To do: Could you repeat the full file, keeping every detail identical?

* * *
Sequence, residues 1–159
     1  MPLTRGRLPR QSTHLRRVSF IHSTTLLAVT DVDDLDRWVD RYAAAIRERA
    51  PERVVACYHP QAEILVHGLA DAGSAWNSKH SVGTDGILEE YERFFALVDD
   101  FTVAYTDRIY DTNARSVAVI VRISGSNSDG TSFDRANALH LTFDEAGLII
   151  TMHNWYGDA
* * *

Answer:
Sequence, residues 1–159
     1  MPLTRGRLPR QSTHLRRVSF IHSTTLLAVT DVDDLDRWVD RYAAAIRERA
    51  PERVVACYHP QAEILVHGLA DAGSAWNSKH SVGTDGILEE YERFFALVDD
   101  FTVAYTDRIY DTNARSVAVI VRISGSNSDG TSFDRANALH LTFDEAGLII
   151  TMHNWYGDA